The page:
A Google search of Gloria Drummer’s name explains what led her to be involuntarily committed at Dutcher Hall in the Whiting Forensic Hospital in Middletown, Connecticut, after being found not competent to stand trial.
On Sept. 25, 2015, Drummer, then aged either 57 or 58 according to news accounts, attacked a 27-year-old woman at random with a large knife outside a West Hartford CVS. The woman was treated at a hospital for multiple stab wounds to her head that were deemed non-life threatening.
Two psychiatrists testified last fall that Drummer is no longer a danger to herself or others. Yet she remains held at the medium security inpatient psychiatric facility.
That violates the Connecticut Patients’ Bill of Rights, argues an independent non-profit group now suing the state. The Connecticut Legal Rights Project (CLRP) says the state has failed to measure and respond to the need for residential settings and supports in the community where psychiatric patients could live.
“When you’re talking about fundamental rights, everybody’s entitled to fundamental rights regardless of what they did on one of the worst days of their life,” said CLRP Executive Director Kathleen Flaherty.
Drummer is the lead plaintiff in the class action lawsuit that represents two classes of psychiatric inpatients: those denied periodic reviews of their mental health status and those who have been declared discharge ready by their treatment teams but remain institutionalized because of a lack of appropriate community placements, supports, and services.
Flaherty said Drummer meets both. After her treatment team declared her ready for discharge on Aug. 2, 2017, the hospital failed to request a hearing with the Middletown Probate Court.
Drummer had a review before the court on Oct. 13, during which an independent psychiatrist and the attending psychiatrist testified that she did not meet the standard for commitment because she was not a danger to herself or others and was not gravely disabled.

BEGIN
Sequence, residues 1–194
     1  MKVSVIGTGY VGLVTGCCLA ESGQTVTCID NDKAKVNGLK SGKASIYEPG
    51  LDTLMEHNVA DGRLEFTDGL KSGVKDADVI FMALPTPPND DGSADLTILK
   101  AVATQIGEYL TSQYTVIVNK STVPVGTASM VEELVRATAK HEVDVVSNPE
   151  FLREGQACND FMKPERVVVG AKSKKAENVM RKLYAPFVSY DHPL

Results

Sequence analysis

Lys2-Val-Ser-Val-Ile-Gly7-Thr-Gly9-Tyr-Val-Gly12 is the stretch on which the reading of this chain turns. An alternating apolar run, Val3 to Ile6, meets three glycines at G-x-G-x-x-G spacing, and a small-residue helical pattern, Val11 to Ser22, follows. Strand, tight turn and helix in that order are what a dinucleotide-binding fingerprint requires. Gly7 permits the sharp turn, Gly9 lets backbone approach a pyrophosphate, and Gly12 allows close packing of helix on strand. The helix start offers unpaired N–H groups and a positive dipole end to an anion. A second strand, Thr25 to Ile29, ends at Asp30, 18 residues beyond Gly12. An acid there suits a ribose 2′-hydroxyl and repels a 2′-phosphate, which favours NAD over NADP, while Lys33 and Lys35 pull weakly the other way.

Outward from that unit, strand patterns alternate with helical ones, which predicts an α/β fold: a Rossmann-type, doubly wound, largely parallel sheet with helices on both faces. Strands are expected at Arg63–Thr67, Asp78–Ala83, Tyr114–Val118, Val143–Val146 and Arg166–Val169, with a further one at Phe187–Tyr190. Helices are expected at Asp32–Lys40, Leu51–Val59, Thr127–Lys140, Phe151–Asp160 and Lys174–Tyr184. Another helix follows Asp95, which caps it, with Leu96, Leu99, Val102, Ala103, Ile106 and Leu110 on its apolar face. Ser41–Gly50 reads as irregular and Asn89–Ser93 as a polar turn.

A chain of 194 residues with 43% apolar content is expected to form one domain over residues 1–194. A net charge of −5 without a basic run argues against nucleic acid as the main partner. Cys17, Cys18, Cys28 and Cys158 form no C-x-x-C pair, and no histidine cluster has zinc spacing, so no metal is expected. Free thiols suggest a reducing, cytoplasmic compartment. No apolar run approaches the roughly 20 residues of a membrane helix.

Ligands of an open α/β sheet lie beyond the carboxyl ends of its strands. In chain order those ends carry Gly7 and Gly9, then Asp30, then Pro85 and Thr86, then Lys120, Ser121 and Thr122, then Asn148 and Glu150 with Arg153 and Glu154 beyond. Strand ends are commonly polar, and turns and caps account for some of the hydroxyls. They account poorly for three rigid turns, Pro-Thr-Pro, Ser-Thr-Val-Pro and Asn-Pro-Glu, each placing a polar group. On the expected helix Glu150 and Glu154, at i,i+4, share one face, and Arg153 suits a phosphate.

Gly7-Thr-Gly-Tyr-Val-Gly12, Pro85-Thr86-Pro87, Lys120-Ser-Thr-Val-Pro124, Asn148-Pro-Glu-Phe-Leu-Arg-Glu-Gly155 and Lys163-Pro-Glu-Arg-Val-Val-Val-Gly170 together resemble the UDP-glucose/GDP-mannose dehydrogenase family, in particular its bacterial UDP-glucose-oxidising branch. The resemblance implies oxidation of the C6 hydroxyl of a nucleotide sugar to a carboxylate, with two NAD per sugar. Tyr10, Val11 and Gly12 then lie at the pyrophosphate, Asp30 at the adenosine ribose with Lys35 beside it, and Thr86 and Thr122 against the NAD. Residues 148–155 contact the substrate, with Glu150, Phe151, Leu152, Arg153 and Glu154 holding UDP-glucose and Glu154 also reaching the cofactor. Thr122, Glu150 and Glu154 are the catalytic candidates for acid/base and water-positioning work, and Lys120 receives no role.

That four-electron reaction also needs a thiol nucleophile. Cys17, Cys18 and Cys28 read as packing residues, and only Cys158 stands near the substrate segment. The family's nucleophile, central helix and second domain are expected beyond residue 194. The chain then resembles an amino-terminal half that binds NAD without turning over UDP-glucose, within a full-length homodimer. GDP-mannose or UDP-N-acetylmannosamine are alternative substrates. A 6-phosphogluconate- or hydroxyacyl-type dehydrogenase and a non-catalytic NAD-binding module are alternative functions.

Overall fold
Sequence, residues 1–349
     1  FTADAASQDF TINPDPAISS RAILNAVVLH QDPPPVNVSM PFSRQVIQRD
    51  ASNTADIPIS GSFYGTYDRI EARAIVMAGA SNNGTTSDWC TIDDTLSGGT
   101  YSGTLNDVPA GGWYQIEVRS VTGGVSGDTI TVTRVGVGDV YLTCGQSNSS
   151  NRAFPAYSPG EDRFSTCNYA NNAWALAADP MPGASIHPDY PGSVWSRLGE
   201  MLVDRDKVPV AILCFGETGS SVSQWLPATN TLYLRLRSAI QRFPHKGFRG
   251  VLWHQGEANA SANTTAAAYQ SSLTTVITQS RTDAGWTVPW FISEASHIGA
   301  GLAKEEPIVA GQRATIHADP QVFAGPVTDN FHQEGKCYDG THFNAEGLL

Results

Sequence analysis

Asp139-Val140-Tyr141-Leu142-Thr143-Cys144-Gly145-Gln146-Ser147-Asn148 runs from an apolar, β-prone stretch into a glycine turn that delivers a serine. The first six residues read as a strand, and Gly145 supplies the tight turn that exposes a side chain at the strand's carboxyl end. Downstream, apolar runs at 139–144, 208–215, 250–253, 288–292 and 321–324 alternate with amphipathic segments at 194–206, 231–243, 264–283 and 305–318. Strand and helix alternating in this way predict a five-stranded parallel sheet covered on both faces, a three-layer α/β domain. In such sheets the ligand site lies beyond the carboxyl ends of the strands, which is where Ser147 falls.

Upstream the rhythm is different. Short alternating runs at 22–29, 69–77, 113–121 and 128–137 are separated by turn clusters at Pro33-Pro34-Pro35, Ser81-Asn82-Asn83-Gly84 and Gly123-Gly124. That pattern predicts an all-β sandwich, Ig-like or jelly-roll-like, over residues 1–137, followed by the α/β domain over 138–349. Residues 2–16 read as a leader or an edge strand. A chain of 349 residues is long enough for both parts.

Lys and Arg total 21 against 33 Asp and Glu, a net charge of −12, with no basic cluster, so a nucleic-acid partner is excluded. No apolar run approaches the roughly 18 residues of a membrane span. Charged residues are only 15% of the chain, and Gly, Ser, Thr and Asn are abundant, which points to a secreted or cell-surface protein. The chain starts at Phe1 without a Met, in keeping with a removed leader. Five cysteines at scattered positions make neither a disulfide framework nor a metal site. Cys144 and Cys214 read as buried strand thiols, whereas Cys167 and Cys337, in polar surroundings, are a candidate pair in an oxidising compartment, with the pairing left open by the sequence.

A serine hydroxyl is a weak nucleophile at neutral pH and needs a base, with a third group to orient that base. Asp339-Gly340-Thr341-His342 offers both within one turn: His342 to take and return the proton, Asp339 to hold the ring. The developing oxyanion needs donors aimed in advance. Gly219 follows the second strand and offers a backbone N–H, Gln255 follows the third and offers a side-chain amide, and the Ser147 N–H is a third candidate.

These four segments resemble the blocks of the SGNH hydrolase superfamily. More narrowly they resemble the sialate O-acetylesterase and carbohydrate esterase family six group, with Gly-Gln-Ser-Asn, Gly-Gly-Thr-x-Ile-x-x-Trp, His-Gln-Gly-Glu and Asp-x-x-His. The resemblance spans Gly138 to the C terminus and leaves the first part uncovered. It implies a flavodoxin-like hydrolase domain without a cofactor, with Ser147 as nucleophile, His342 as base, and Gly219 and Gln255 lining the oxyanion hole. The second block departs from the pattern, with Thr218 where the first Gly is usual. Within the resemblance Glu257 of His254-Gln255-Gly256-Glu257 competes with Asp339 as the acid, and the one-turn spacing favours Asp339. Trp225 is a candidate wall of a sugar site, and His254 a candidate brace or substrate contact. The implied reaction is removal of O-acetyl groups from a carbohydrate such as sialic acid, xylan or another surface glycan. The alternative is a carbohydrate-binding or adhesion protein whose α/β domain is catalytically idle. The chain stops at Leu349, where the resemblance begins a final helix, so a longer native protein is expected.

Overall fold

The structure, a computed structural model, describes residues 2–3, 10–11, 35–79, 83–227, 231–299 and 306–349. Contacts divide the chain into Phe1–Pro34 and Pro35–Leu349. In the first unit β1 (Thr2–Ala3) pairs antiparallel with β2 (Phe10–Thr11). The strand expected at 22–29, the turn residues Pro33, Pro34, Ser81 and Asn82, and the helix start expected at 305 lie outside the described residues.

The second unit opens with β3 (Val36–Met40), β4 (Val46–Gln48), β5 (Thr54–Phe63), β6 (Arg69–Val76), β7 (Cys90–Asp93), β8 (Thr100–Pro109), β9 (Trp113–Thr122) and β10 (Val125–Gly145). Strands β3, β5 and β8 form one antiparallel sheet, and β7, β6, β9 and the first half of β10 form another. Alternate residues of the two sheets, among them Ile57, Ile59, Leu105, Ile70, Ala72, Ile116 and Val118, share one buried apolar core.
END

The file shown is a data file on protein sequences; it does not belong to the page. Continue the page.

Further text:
Her social worker also testified that there were no supportive housing or residential placement options available and that Drummer was on waiting lists with no known or estimated date of availability.
“One could wait forever for the perfect person to come along to be the named person on this complaint,” Flaherty said.
“We had very long, involved conversations with Ms. Drummer and asked her if she wanted to proceed under a pseudonym or proceed in her own name and advised her about the consequences of both of those things and she was the one who made the choice that she wanted to proceed under her own name.”
Most states authorize civil commitment orders with a limited duration, typically 30, 60 or 90 days. Connecticut is one of a handful of states that place no time limit on commitments. That means there is no burden put on hospitals to bring a civilly committed psychiatric patient’s case to court for review, Flaherty said.
Connecticut’s periodic review statute only requires a full judicial due process hearing once every two years. The vast majority of patients stabilize and no longer meet commitment standards long before the mandatory two-year review, the complaint states.
Flaherty couldn’t say how many plaintiffs there are in the case which names the Connecticut Department of Mental Health and Addiction Services (DMHAS) and the state’s four inpatient treatment facilities for persons with severe addiction and/or psychiatric problems.
Named defendants are the Connecticut Valley Hospital and its Whiting Forensic Division, Greater Bridgeport Community Mental Health Center, Connecticut Mental Health Center and Capitol Region Community Mental Health Center.
The complaint was filed Feb. 14 in the District of Middlesex Superior Court in Middletown.
DMHAS spokeswoman Diana Lejardi referred a request for comment on the complaint to the Office of Attorney General.
Jaclyn M. Severance, spokeswoman for the Office of the Attorney General, said the complaint was under review and that there will be an appropriate response in court. She declined to comment further on pending litigation.
A 2016 DMHAS Psychiatric Services Study report documented that overall discharges decreased nearly seven percent over a five-year period ending in fiscal 2016 with only Connecticut Valley Hospital showing an increase during that time.
“These data may point to fewer community discharge options (no turnover in residential beds or fewer housing options,) or patients preparing for discharge have more complicated presentations requiring special placements that are unavailable or experiencing low turnover rates,” according to the report.
Flaherty said that the case has been six years in the making. CLRP wrote a letter to the state attorney general in January 2012 outlining a list of problems with Connecticut’s civil commitment statute.
“We have tried to resolve this in lots of ways other than having to go to court over it and haven’t been able to get where we needed to go,” Flaherty said.
By Janine Weisman